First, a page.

Your grades depend entirely on your performance.  Nevertheless, being polite is good practice for life after college and can help you establish a good rapport with your professors.  When I write recommendations for a student to earn a scholarship, enter graduate school, or obtain a job, I always include a paragraph on the student’s character and comment specifically on qualities such as punctuality and politeness.  In addition to doing your best work in this course, you will want to put your best self on display.  Show up for class and conferences on time and wait until class has ended before packing up your books.  Turn in assignments when they are due and avoid making excuses for absences or poor work. 


Nothing impresses a teacher or an employer more than work that shines not only in content, but also in form.  Invest the time and energy into submitting assignments of which you can be proud.  For starters, read each assignment carefully and try to provide exactly what the professor requests.  In addition to researching, writing, revising, and proofreading your work carefully, follow instructions on format, such as use of correct bibliographic citations. 


When you need information or help, ask. For example, if you have problems coming to class, keeping up with assignments, or using the computer, see me immediately.  In addition, please note the following statement from Disability Support Services: "Any student with a documented disability needing academic adjustments is requested to speak directly to Disability Support Services and the instructor, as early in the semester (preferably within the first week) as possible.  All discussions will remain confidential.  Please contact Mary Helen Walker, Disability Support Services, DF Lowry building, 521-6695.”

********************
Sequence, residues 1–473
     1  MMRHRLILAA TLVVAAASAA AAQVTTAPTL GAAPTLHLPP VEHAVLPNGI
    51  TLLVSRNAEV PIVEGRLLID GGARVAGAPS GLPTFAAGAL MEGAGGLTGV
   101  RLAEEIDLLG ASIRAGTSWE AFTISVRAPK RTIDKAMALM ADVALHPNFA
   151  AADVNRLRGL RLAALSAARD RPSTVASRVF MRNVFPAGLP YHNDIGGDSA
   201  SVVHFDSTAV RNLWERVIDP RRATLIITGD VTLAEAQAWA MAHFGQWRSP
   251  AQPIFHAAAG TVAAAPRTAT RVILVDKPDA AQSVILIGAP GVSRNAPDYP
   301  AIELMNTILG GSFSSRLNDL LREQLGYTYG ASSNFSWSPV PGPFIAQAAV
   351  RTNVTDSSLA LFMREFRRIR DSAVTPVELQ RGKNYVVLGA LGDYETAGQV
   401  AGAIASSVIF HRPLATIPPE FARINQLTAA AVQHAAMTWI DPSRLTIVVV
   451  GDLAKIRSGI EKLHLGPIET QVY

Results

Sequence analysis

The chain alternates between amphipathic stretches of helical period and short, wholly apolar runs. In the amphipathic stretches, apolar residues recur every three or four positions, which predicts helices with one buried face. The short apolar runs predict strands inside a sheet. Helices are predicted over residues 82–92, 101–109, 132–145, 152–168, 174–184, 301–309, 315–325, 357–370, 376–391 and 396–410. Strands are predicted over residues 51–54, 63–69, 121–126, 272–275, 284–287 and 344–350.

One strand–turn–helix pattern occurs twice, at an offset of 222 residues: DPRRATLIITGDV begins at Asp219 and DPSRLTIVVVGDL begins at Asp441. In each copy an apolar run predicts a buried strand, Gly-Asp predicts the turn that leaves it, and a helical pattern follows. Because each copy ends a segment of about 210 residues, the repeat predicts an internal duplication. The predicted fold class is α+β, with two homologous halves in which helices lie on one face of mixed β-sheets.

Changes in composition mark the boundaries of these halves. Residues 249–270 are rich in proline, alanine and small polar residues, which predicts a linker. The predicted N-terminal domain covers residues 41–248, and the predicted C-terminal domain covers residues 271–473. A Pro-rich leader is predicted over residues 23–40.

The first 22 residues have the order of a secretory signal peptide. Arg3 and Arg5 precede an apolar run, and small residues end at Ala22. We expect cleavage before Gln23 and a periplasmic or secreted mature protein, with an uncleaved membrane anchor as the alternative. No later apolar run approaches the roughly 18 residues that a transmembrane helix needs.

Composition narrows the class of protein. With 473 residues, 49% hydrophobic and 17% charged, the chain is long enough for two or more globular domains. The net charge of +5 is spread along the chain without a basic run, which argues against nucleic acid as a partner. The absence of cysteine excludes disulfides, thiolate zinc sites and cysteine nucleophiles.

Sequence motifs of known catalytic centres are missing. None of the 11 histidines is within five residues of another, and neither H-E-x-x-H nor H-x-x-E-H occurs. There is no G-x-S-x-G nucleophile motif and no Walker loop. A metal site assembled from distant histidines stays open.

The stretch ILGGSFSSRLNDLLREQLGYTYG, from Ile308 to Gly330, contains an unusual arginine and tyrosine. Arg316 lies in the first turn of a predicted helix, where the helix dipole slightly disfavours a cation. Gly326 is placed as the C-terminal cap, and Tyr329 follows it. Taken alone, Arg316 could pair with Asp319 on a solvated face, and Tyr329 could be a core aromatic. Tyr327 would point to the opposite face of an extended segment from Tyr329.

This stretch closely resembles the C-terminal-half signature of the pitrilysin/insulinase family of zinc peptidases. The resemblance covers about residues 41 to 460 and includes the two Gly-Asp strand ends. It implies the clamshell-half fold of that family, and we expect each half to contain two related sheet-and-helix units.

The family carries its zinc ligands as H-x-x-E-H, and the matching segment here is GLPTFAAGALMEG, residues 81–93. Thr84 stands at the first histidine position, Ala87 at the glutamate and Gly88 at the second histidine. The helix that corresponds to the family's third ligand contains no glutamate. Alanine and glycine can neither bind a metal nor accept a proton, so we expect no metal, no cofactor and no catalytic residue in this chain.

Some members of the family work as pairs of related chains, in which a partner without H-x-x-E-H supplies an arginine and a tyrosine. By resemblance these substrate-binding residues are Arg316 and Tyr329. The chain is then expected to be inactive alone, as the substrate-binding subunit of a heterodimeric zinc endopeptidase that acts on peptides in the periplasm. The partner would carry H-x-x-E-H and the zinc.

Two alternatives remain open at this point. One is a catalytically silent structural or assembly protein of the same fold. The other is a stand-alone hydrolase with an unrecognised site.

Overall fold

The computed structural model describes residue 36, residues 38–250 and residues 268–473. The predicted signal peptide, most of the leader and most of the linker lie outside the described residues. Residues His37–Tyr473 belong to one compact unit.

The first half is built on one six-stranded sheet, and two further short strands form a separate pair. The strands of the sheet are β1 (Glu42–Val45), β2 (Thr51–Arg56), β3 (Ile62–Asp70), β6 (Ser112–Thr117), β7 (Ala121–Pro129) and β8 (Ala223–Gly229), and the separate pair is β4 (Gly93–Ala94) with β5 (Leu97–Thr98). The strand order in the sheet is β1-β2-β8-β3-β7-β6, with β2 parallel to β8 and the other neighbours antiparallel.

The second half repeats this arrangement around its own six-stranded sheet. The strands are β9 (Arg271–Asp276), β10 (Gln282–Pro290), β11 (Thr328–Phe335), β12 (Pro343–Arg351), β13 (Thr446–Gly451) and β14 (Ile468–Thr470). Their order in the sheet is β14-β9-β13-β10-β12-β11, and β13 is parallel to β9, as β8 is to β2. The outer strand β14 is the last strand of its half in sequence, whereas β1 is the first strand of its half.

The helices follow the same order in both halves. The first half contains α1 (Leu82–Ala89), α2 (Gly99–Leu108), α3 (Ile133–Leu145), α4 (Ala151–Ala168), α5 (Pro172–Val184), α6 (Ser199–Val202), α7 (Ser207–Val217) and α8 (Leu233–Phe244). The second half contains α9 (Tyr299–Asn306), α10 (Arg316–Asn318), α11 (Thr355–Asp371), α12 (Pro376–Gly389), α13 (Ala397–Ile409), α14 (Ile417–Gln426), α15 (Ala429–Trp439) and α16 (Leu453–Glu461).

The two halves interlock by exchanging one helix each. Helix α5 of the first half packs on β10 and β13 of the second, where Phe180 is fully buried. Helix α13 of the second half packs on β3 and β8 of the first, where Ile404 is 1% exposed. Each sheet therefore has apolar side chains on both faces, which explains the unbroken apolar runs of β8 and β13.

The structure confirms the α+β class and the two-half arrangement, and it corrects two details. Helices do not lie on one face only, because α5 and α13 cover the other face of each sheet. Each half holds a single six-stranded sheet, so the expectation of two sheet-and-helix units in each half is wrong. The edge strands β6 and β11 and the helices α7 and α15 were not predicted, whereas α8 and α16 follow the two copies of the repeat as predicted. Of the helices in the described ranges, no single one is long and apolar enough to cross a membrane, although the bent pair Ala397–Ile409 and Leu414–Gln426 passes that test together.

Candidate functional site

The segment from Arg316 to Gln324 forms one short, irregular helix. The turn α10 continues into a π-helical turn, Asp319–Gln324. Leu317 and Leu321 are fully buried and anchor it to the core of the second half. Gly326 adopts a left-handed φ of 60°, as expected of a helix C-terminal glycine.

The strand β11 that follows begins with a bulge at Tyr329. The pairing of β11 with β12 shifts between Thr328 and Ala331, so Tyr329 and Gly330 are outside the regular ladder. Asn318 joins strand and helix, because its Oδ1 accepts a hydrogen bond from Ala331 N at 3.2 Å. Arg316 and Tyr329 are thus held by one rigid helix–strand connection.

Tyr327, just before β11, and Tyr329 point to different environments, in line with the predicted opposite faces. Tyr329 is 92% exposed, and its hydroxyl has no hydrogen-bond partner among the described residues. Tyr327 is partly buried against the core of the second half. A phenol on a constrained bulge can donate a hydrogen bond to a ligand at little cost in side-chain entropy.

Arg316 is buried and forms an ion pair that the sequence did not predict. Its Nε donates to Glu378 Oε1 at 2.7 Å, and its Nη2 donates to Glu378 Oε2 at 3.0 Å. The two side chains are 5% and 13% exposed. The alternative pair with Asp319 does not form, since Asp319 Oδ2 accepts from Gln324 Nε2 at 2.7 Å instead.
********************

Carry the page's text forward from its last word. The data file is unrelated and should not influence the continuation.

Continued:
William Bradford (Sept. 9): Hailey

John Winthrop (Sept. 11): Priscilla

Edward Taylor (Sept. 11): Matthew

Elizabeth Ashbridge (Sept. 18): Crissy

John Woolman (Sept. 18): Shannon

Annis Stockton (Sept. 25): Myranda

Samson Occom (Sept. 25)

Sarah Kemble Knight (Oct. 2): Brandon

Phillis Wheatley (Oct. 2): Carol

A.B. Longstreet (Oct. 16): Jerry

William Cullen Bryant (Oct. 16): Brandi

Catharine Sedgwick (Oct. 30)

Lydia Maria Child (Oct. 30)

Bronson Alcott (Nov. 4): Misty

Orestes Brownson (Nov. 13)

George Ripley (Nov. 13): Andrea

Jones Very (Nov. 20): Jadelyn

Harriet Jacobs (Nov. 20): Nakecia

John Greenleaf Whittier (Dec. 4): Maurice

Henry Timrod (Dec. 4): Jason


Like John Smith, Sarah Kemble Knight, and numerous other American travelers, you will keep a written account of your journey, thus making your experience more meaningful.  In addition to this account, which we will call a “portfolio,” you will give a presentation and take an oral examination.  Details of each of these assignments appear in the space below.